Syngenta sales feel effect of low commodity prices


Zurich | Reuters –– Swiss firm Syngenta, the world’s largest maker of crop chemicals, suffered a bigger than expected fall in first-quarter sales having been hit by low commodity prices, the strong dollar and a prolonged winter in the U.S.

The price of corn fell about 15 per cent in 2014, on top of a decline of nearly 40 per cent in 2013. After years of cashing in on soaring crop prices farmers are now scrutinizing spending.

This has put firms such as Syngenta under pressure and made raising prices more difficult.

“In the end, the problem that the entire industry has had is that commodity prices are at comparably low levels,” Vontobel analyst Patrick Rafaisz said. Rafaisz has a “hold” rating on the stock.

Basel-based Syngenta reported sales of US$4 billion for the first three months of the year, a 14 per cent fall compared with last year and below the average forecast of US$4.3 billion in a Reuters poll. Sales were unchanged at constant exchange rates.

Excluding the herbicide glyphosate and the countries of the former Soviet Union, where Syngenta has raised prices in response to the situation in Ukraine, prices rose only one per cent in the first quarter while volumes were seven per cent lower.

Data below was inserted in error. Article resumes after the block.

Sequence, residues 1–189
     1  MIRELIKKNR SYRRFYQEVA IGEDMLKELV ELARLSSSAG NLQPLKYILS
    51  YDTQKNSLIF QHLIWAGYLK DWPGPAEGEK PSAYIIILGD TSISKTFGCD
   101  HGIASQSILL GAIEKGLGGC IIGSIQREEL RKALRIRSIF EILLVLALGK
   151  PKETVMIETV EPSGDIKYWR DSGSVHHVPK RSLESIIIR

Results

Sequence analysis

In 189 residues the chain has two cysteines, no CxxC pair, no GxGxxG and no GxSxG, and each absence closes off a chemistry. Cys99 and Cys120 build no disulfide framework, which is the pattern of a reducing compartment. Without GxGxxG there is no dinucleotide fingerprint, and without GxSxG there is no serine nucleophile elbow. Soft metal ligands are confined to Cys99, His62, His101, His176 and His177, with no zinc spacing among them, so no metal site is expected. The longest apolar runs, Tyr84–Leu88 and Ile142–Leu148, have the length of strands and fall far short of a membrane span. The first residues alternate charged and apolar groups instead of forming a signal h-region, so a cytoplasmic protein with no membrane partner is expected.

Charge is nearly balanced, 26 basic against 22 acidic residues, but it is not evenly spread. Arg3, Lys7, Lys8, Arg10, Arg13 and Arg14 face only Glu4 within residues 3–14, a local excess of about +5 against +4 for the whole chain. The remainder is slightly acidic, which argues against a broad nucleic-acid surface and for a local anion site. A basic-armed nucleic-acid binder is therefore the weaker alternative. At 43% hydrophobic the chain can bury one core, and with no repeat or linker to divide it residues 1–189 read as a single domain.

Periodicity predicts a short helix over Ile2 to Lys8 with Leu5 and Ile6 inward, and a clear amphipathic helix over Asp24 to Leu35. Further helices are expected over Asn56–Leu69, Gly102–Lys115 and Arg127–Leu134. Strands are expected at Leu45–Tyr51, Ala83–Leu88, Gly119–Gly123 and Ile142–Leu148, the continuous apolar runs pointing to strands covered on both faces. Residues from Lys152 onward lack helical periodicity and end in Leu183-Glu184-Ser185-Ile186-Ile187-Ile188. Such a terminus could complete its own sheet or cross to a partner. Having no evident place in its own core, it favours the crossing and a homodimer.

A shift by farmers in the Americas to soybean from corn is also an issue for firms such as Syngenta as soybean requires less crop protection.

The recent strength of the dollar, the firm’s reporting currency, was also a strain while harsh weather in the U.S. added to the pressure on North American sales, its third biggest market last year.

Syngenta’s finance chief told Reuters the company expects the North America business to recover in the second quarter.

Syngenta is also facing legal issues in the U.S., where last year global grain handlers Cargill and Archer Daniels Midland, along with hundreds of farmers, sued it for damages stemming from China’s rejections of shipments of genetically modified U.S. corn.

Syngenta CEO Mike Mack told Reuters this case would last a number of years and that the company feels its defence is very strong.

Despite these hurdles, Syngenta maintained its full-year targets and its longer-term target for 2018.

Joshua Franklin and Alice Baghdjian are Reuters correspondents based in Zurich.


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